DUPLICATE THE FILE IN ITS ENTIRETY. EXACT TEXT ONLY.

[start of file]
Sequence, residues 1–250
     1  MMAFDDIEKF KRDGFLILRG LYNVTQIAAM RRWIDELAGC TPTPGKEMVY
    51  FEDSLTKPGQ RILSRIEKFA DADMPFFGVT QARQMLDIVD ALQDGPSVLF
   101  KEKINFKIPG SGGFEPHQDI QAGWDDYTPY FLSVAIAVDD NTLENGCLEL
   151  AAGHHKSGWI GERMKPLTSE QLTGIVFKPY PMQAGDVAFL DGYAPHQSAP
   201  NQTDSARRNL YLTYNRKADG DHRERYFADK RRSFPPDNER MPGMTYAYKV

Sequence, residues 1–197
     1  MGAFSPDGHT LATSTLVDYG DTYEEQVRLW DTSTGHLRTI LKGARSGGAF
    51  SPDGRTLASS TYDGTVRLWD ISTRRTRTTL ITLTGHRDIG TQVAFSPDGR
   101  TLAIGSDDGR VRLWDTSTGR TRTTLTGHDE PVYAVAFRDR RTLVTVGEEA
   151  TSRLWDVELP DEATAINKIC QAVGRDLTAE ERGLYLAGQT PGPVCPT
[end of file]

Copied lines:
Sequence, residues 1–250
     1  MMAFDDIEKF KRDGFLILRG LYNVTQIAAM RRWIDELAGC TPTPGKEMVY
    51  FEDSLTKPGQ RILSRIEKFA DADMPFFGVT QARQMLDIVD ALQDGPSVLF
   101  KEKINFKIPG SGGFEPHQDI QAGWDDYTPY FLSVAIAVDD NTLENGCLEL
   151  AAGHHKSGWI GERMKPLTSE QLTGIVFKPY PMQAGDVAFL DGYAPHQSAP
   201  NQTDSARRNL YLTYNRKADG DHRERYFADK RRSFPPDNER MPGMTYAYKV

Sequence, residues 1–197
     1  MGAFSPDGHT LATSTLVDYG DTYEEQVRLW DTSTGHLRTI LKGARSGGAF
    51  SPDGRTLASS TYDGTVRLWD ISTRRTRTTL ITLTGHRDIG TQVAFSPDGR
   101  TLAIGSDDGR VRLWDTSTGR TRTTLTGHDE PVYAVAFRDR RTLVTVGEEA
   151  TSRLWDVELP DEATAINKIC QAVGRDLTAE ERGLYLAGQT PGPVCPT